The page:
Minister of justice Giorgos Savvides on Wednesday resorted to imploring the political parties to approve the government bill for tougher punishments on businesses that violated the coronavirus decrees.
It had been hoped the bill would have been voted through last Friday but deputies on the House legal affairs committee felt the hefty fines stipulated would be ruinous for businesses, especially at a time when restarting the economy was key, and therefore decided not to forward the bill to the plenum for voting.
Whether deputies will be persuaded by the minister’s public pleas remains to be seen, even though the government’s positions were strengthened last weekend when several establishments were found to have been blatantly ignoring the decrees on social distancing. Pictures and video of a beach bar in Protaras packed with people circulated on social media, prompting the police to take action. The bar was closed by court order, not because it was violating coronavirus measures, which it was, but because it was operating without a necessary licence.
If the bill had been approved, the bar owner would have been liable to €2,000 fine, which would be doubled with every new violation, reaching €8,000 on the third. The law would have allowed police to bring criminal charges against the bar owner as soon as they saw fit. For some of these bars, a two or four thousand euro fine is probably just a small fraction of their weekend turnover, which is why it is important for the police to have the power to bring criminal charges against repeat offenders.
Deputies are usually averse to high fines because they are unpopular. They were dragging their feet for months over the government’s bill for dramatic increases in the fines for traffic violations, seriously considering reducing them. It is an irresponsible and cowardly approach which protects offenders, rather than law-abiding citizens, who are put at risk by dangerous drivers.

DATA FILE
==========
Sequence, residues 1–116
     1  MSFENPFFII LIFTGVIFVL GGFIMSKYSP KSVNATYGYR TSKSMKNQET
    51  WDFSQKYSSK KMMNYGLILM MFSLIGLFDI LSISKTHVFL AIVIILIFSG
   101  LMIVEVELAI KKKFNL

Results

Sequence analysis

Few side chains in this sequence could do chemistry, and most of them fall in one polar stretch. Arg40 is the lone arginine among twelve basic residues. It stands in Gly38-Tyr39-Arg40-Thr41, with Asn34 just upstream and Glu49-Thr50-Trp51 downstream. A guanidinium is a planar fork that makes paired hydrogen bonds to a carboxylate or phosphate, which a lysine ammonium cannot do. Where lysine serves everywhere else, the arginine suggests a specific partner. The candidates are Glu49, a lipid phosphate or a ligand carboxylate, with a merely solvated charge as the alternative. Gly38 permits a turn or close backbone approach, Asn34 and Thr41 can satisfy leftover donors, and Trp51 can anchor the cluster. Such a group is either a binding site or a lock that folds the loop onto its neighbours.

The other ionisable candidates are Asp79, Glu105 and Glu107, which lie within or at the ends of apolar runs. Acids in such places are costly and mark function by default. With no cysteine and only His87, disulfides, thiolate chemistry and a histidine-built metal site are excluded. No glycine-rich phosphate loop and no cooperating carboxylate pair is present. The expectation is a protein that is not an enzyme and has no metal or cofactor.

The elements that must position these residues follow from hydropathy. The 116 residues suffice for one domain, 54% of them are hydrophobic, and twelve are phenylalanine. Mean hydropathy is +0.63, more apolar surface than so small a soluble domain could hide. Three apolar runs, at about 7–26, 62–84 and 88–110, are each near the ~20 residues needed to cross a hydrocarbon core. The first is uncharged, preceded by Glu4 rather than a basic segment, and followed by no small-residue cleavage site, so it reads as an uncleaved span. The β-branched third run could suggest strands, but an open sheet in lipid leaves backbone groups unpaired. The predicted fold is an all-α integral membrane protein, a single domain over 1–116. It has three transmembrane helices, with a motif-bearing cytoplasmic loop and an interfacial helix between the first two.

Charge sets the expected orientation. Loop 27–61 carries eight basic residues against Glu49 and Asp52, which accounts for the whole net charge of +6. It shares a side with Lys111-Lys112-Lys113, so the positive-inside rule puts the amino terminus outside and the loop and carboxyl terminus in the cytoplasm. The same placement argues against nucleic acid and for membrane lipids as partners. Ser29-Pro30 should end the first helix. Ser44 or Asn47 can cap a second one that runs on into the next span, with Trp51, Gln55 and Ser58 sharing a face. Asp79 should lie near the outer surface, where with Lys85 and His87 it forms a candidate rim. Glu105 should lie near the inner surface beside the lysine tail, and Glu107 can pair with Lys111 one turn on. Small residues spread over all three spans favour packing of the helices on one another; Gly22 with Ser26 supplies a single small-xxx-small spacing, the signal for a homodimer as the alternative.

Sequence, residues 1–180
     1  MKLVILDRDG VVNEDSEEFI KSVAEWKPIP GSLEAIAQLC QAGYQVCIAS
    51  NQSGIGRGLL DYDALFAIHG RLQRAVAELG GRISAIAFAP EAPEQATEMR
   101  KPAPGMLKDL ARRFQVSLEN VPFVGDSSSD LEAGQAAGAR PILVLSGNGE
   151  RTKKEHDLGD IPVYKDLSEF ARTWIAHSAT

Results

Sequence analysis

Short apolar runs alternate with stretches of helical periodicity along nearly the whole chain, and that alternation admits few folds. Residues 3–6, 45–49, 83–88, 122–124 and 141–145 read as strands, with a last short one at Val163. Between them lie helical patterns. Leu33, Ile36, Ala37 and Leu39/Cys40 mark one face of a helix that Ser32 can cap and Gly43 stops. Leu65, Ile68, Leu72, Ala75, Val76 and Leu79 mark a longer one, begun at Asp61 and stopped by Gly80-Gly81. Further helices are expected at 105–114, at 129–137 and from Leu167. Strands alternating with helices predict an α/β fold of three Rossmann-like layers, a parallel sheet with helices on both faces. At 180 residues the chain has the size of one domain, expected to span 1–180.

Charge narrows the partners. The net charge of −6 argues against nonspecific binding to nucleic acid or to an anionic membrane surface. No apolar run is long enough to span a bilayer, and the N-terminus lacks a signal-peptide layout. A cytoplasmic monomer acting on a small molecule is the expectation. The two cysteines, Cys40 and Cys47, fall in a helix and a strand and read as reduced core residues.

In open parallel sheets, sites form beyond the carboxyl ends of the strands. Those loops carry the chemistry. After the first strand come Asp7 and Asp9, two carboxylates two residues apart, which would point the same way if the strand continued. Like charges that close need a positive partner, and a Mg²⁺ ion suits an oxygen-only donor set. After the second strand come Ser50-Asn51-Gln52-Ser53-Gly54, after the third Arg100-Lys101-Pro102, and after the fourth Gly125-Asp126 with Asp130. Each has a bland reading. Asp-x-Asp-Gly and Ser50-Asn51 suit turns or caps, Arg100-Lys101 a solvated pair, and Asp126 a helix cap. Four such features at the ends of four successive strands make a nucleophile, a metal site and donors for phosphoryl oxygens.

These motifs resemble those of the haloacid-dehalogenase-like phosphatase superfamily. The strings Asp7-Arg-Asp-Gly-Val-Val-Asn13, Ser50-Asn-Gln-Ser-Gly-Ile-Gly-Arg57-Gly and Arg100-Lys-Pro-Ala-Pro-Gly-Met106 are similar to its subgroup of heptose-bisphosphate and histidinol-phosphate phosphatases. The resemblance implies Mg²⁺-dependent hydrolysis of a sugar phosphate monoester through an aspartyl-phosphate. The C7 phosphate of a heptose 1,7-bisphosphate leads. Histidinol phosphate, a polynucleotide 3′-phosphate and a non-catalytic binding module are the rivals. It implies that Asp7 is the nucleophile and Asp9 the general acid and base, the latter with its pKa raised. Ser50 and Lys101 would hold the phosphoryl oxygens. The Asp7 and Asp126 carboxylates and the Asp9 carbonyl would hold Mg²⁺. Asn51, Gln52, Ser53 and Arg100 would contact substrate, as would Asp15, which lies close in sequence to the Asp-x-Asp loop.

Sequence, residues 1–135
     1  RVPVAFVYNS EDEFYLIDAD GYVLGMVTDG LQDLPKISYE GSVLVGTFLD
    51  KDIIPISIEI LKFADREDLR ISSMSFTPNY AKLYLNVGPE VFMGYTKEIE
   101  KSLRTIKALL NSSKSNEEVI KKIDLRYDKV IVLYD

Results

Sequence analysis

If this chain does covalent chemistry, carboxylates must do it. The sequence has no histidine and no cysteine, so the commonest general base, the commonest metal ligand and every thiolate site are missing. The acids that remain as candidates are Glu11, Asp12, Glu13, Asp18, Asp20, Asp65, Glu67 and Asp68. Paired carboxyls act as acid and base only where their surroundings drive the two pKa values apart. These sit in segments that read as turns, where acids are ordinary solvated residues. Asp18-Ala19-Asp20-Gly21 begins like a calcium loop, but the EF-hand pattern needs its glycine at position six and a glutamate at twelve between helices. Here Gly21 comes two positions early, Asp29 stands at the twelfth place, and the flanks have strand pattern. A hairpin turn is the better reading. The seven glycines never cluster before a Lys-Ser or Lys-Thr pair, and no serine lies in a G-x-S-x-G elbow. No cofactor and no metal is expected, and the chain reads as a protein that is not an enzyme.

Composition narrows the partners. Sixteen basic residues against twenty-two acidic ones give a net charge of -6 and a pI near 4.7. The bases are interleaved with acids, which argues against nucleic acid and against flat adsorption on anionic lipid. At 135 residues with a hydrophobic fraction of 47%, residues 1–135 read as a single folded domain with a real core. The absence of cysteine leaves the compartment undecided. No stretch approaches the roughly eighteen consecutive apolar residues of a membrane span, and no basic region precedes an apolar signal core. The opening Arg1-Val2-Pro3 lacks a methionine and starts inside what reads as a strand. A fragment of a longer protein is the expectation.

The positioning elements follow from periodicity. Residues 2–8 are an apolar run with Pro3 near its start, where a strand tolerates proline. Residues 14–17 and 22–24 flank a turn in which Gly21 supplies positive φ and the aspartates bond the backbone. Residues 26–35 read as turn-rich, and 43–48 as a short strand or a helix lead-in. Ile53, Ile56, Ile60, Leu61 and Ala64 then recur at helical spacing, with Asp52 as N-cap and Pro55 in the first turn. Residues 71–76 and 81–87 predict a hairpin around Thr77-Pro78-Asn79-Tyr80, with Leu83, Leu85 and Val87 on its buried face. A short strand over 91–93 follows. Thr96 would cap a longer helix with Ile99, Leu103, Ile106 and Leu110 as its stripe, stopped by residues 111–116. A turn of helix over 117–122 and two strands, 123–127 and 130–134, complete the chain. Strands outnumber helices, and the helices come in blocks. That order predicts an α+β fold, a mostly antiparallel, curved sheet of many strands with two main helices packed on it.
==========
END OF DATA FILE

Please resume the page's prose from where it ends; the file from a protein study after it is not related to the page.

The truth is there is no better deterrent to law-breaking than prohibitively high fines. The high cost of law-breaking makes prospective offenders think twice about using their mobile phone while driving. The same reasoning is behind the government’s bill dealing with violations of the coronavirus measures by bars, cafes and restaurants, but it includes the additional deterrent of criminal charges. It is the only way to make those people who are not law-abiding obey the law.
Deputies should accept that the bill was drafted not to increase state revenue, but to ensure there is no surge in coronavirus cases, now the lockdown is over and tourists will start arriving. Owners of bars and restaurants that obey the decrees have nothing to fear, so why are deputies showing such concern in limiting the penalties for the law-breakers?